As winter reaches her cold hand into the heart of southern Ontario, it’s natural for wildlife and pests to take refuge and hibernate to survive the winter. Although it would be unrealistic for humans to hide inside until warmer weather returns, it’s not uncommon for pests and critters to do it. Now is the time that pests like squirrels, possums, raccoons, bats, mice and rats look for a warm and safe place to make themselves comfortable as they wait out the winter weather.

Why are they in my attic?

While your attic might seem like a dark, dingy and dirty place to you, it’s actually a prime target for many pests. The dark, warm and safe space is often protected from predators and offers a great place to stay warm this winter. Pests are drawn to spaces that are out of the way, quiet, dark and easy to get into, and unfortunately your attic fits the bill!

You may think your home is pretty well sealed off from pests, but there are many entrance points that could surprise you. Small holes in your roofline, broken or inadequate vent covers, an unprotected chimney and weak spots in your siding can all paint prime targets for pests to break into your attic.

Top pests in your attic this winter

There are many different pests that may make their way into your attic this winter, however these are 4 of the most commonly found ones. If you suspect something has gotten into your attic, it is essential to contact a pest removal company immediately so that they can be removed before they start nesting and become an even bigger problem.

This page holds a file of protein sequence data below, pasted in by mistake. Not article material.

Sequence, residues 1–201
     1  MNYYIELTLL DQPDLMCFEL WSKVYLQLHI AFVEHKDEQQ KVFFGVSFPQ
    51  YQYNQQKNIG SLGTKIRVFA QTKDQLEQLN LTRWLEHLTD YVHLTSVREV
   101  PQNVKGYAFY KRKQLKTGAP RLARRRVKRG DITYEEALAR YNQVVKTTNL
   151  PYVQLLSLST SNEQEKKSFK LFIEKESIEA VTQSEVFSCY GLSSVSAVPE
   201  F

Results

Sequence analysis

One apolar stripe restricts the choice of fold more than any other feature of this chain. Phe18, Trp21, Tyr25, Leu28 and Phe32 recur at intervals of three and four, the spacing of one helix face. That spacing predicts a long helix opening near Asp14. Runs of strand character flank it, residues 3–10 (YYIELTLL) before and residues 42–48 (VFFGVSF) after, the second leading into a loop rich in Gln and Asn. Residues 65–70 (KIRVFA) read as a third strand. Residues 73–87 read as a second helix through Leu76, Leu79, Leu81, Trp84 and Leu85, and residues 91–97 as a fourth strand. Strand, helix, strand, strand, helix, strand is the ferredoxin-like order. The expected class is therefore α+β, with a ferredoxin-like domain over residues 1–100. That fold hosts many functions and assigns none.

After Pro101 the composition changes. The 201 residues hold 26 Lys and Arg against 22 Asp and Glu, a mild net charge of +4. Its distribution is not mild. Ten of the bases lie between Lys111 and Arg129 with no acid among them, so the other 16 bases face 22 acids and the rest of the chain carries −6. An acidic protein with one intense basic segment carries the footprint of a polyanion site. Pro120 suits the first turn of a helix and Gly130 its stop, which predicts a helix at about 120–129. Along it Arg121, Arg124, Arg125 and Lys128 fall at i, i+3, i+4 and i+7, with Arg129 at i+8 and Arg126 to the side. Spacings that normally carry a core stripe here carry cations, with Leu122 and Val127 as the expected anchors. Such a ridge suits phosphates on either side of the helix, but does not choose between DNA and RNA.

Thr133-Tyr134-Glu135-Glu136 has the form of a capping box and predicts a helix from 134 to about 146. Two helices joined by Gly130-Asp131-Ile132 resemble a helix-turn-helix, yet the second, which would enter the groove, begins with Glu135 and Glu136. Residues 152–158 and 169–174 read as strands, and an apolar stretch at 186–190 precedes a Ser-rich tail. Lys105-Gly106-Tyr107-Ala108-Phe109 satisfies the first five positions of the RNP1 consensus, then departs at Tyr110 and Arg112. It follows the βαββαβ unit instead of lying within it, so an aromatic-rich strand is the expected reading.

Squirrels – these tiny critters can squeeze through some pretty small openings and will gladly make themselves at home in your attic. Baby season for squirrels doesn’t start until closer to the spring, however these aren’t critters that you want to allow to stay. Squirrels can create quite a bit of damage if left to their devices. They will tear out insulation, chew up wires and wood beams and leave their urine and excrement around the attic.

Raccoons – these large animals are even more destructive than smaller pests like squirrels and mice. The require a larger space to get into your attic, and aren’t shy about creating one. The mess they create can be quite difficult to clean up, especially if your attic isn’t easily accessed.

Bats – Often thought of as flying mice, these tiny pests can fit through the smallest of holes and will be very difficult to spot. Watch your eaves around dusk to see if you can spot any flying out of your attic to know if you might have a bat problem. The biggest concern with having bats in your attic is that their excrement, called guano, is extremely toxic to humans. Allowing it to continue to accumulate can lead to health problems for everyone in the home.

Rodents – Rodents like mice and rats are often undetectable in your attic until it’s too late and they’ve become an infestation. Thanks to their continuously growing teeth that need constant sharpening, your wires and wood beams are at risk of being destroyed quite quickly. The urine and excrement they leave behind can also be dangerous for humans, so you’ll want to clean it up as soon as possible.

Entry prevention is the best way

The best way to deal with pests in your attic is to prevent them from entering in the first place. Keep an eye on the spaces around the base of your roof for any entry holes, seal up vents and chimneys and keep trees trimmed back from the roof to help prevent pests from getting easy access to your attic.